Martinez won't come cheap for the Marlins, but again if they want to redraw fans to their days of inception, they have to start somewhere. Martinez for his career has hit 124 career home runs with 613 RBI and a batting average just south of .300 at .298. The Marlins could benefit from him in their lineup, perhaps in the six-hole or even the two-hole.
Predicted Deal (if he signs with FLA): Four years, $45 million
Yes, I know, Dontrelle Willis isn't the same Willis that pitched for the Florida Marlins from 2003-2007, but bringing back the fan favorite would help bring some people back to the stadium.
Willis would fit the Marlins' profile of a lefty specialist that they would lack if they don't sign Will Ohman and could bring enthusiasm to the clubhouse.
Willis may not have liked it before, but being converted into a reliever may help Willis, and the Marlins would be grateful if he excels. However, he'll need to regain his control first, and then maybe he can become a fixture in the bullpen.
Predicted Deal (if he signs with FLA): Minor league deal
With Wes Helms returning next season and Chris Coghlan playing third, you wonder where this would fit in.
Well, Mike Lowell alone will draw back some more fans to the stadium. He too is a fan favorite, and what happens if Coghlan doesn't really work out there defensively?
Helms is having a down year by standards, and Coghlan's bat isn't powerful enough for a corner infield position. Lowell as a late-inning replacement while playing a bit of first base wouldn't hurt.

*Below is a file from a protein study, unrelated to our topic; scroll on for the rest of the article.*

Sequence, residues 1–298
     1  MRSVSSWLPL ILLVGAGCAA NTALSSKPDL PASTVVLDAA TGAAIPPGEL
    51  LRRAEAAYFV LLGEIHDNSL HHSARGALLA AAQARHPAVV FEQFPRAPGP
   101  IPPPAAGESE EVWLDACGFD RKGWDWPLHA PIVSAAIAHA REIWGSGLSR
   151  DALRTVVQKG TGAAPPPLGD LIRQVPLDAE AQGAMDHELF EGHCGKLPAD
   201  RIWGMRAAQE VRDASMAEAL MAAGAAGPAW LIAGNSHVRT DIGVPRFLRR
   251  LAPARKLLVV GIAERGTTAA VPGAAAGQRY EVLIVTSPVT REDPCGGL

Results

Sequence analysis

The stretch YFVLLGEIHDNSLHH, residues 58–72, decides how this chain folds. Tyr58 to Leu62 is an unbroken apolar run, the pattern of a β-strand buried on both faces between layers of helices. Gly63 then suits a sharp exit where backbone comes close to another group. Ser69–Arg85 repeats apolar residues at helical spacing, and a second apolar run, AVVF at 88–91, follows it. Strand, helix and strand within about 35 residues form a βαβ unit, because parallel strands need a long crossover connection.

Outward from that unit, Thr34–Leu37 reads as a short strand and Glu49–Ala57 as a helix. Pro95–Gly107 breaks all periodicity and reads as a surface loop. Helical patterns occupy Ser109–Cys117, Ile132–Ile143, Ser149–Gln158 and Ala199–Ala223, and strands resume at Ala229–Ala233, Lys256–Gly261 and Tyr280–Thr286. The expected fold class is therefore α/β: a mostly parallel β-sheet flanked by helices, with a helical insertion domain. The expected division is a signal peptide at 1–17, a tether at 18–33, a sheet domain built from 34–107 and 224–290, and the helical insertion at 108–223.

Yet one has to wonder whether Lowell would like that role. He'll likely be a starter next season at 37, but a return to South Florida would suit Lowell, and the Marlins should always think of an insurance policy in case of injury.
If Coghlan gets hurt again, then slide Lowell in, and if an outfielder gets hurt, slide Coghlan to the outfield for Lowell at third and so on.
Predicted Deal (if he signs with FLA): One year, $5 million plus incentives (with a player option for second season)
Carl Pavano also hits the free agent market, but an impressive comeback puts him perhaps out of the Marlins' price range. Enter Brad Penny, another former Marlin.
The Marlins made the mistake of not aggressively going after Pavano shortly after his tenure with the Yankees came to an end as he signed elsewhere.
Lesson learned, now the Marlins have a chance to redeem to themselves with Penny in their rotation.
The Marlins currently have Josh Johnson, Ricky Nolasco, Anibal Sanchez, Chris Volstad, and Alex Sanabia going for them into 2011, but Penny would add insurance, and why not have the competition? Sanabia would be excellent in the bullpen, and Volstad has been inconsistent, so his position as a starter is up in the air unless he becomes consistent.
Bottom line, bringing Brad Penny in would at least give the Marlins an upper hand on the Phillies and Braves' starting rotations and give them a chance to be competitive.
Predicted Deal (if he signs with FLA): Two years, $16 million